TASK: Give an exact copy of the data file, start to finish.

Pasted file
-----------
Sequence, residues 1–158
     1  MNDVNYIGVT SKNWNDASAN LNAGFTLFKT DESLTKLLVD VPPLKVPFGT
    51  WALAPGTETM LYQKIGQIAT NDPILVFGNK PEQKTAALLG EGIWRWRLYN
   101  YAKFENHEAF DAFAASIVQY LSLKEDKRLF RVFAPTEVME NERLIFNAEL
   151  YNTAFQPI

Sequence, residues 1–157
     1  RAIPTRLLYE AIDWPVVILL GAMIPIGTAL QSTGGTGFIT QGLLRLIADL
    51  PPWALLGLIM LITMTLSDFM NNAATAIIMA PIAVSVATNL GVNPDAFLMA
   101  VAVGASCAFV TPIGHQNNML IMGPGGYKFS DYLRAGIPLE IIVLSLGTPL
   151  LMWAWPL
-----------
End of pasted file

Sequence, residues 1–158
     1  MNDVNYIGVT SKNWNDASAN LNAGFTLFKT DESLTKLLVD VPPLKVPFGT
    51  WALAPGTETM LYQKIGQIAT NDPILVFGNK PEQKTAALLG EGIWRWRLYN
   101  YAKFENHEAF DAFAASIVQY LSLKEDKRLF RVFAPTEVME NERLIFNAEL
   151  YNTAFQPI

Sequence, residues 1–157
     1  RAIPTRLLYE AIDWPVVILL GAMIPIGTAL QSTGGTGFIT QGLLRLIADL
    51  PPWALLGLIM LITMTLSDFM NNAATAIIMA PIAVSVATNL GVNPDAFLMA
   101  VAVGASCAFV TPIGHQNNML IMGPGGYKFS DYLRAGIPLE IIVLSLGTPL
   151  LMWAWPL